|Where two of the tallest men in Hollywood and Telly|
|Savalas walked towards a tank.|
Kelly's Heroes is a heist romp with tanks (there are few things in life as satisfying as watching tanks roll over stuff).
The Dirty Dozen left me nonplussed. I'm still trying to figure out what I think. I completely disagree, however, with the reviews that claim it is an anti-war movie. Despite being the most intensely iconoclastic film on record, its message (if it has one) seems more Kipling-esque than anything.
Kipling believed that (1) the British Empire was worth saving; (2) it would only be saved by mavericks like Stalky, not Eton-breed boys who dressed up in uniforms and ran war according to accepted "rules." He foresaw--and sadly endured--the utter destruction of World War I that was largely caused by the Eton-breed, boy mentality (for an excellent movie on the stupid yet practically inevitable series of events that preceded WWI, check out 37 Days). In Kim, he created the ultimate maverick--just civilized enough to be trustworthy yet not enough to undermine his usefulness.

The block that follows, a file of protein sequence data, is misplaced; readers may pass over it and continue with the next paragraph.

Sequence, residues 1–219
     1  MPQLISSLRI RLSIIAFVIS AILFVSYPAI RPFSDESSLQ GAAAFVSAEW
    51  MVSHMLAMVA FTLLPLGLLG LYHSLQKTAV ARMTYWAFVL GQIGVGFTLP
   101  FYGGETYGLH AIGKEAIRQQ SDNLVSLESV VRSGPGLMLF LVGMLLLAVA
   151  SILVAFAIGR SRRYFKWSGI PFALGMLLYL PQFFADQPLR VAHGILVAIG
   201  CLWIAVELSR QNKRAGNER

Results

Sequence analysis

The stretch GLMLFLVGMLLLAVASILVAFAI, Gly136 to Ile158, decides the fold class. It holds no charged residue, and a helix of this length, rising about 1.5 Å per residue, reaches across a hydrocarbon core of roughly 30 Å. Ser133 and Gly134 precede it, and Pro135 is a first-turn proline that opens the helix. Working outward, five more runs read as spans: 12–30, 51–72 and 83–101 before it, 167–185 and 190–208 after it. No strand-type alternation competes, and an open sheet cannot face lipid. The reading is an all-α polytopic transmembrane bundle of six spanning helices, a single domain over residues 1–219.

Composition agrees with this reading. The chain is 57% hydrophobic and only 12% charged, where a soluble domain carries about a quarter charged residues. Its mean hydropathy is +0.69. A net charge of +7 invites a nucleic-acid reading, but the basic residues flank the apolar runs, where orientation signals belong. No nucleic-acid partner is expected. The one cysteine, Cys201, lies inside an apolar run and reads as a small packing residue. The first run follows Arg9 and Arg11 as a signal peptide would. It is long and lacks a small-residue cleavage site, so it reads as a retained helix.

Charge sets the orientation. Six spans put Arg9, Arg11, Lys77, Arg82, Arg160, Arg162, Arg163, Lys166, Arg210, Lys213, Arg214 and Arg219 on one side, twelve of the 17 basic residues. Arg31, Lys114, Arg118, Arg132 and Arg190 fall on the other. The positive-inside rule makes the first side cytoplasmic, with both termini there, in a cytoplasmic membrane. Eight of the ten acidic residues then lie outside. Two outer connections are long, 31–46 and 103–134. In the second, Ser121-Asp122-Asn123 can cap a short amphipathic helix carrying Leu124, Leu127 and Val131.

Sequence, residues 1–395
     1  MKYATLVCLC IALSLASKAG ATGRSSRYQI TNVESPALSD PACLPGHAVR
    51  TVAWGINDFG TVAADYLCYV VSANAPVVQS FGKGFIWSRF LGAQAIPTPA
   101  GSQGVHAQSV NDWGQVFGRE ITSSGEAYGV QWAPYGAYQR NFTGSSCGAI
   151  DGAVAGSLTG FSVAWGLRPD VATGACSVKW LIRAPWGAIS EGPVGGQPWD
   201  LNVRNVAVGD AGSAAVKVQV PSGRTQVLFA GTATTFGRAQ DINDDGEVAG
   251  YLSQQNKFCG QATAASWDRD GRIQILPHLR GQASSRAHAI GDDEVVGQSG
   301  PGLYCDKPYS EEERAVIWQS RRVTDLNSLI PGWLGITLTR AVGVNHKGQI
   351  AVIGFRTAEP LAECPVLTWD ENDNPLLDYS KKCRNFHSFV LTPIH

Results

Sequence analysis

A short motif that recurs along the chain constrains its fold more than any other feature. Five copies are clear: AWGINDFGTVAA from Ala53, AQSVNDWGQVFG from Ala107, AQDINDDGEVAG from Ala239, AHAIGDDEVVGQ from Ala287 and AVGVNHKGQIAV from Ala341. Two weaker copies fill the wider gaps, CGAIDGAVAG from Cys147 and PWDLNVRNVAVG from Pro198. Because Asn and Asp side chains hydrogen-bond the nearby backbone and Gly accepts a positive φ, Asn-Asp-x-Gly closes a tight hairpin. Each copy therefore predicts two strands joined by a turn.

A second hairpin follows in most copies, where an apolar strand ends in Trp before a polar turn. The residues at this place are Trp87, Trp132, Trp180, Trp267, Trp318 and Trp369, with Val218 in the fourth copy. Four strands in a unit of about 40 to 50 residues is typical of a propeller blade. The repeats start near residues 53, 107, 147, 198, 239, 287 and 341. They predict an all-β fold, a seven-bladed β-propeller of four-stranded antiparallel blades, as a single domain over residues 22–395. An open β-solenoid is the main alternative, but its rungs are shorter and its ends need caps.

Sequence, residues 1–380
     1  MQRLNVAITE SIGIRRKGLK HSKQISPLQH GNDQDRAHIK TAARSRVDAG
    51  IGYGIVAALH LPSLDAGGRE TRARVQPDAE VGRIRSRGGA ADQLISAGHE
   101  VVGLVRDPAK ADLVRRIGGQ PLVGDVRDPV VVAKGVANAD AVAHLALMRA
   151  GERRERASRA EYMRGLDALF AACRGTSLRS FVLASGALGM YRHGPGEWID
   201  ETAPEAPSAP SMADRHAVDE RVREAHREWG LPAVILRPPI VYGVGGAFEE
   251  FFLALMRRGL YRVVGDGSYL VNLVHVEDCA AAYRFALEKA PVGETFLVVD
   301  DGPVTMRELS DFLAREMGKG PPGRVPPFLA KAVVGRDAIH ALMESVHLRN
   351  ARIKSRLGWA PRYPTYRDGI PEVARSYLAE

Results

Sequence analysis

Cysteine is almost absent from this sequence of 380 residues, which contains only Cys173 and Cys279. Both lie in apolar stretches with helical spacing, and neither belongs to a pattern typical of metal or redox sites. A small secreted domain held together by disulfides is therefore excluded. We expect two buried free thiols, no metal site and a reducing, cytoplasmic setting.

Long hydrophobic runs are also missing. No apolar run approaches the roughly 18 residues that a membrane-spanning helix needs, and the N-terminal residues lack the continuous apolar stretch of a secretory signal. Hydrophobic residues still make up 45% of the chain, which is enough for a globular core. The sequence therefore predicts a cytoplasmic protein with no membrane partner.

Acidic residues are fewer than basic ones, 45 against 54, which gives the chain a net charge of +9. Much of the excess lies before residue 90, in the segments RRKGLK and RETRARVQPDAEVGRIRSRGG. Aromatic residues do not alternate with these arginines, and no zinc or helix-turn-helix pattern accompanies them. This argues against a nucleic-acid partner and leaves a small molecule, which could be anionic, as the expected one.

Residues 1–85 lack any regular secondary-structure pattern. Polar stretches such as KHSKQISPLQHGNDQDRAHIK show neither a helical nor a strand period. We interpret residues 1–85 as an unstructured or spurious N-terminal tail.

|Wladislaw (Charles Bronson) becomes Reisman's|
|second in command. Here they are infiltrating|
|a Nazi-occupied chateau.|
There is no X marks the spot. Out of all the movies I've seen in the last two years, The Dirty Dozen reminded me most of The Rocky Horror Picture Show. As I mention in the linked post, The Rocky Horror Picture Show presents its alternative culture completely indifferent to whether its audience approves or not. The Dirty Dozen feels like that. If there is a theme (and there probably isn't) it would be, "This is what war is. What, you think it's pretty? You think people don't do stuff like this?" To say this is "anti-war" doesn't seem to capture the narrative's detachment that lasts right up to Wladislaw's final indifferent response to the generals.
With less detachment and more joie de vivre, Kelly's Heroes carries a not totally dissimilar attitude. The most remarkable thing to me about Kelly's Heroes is the honest (and true) appraisal that as a motivator, money is more moral than ideology.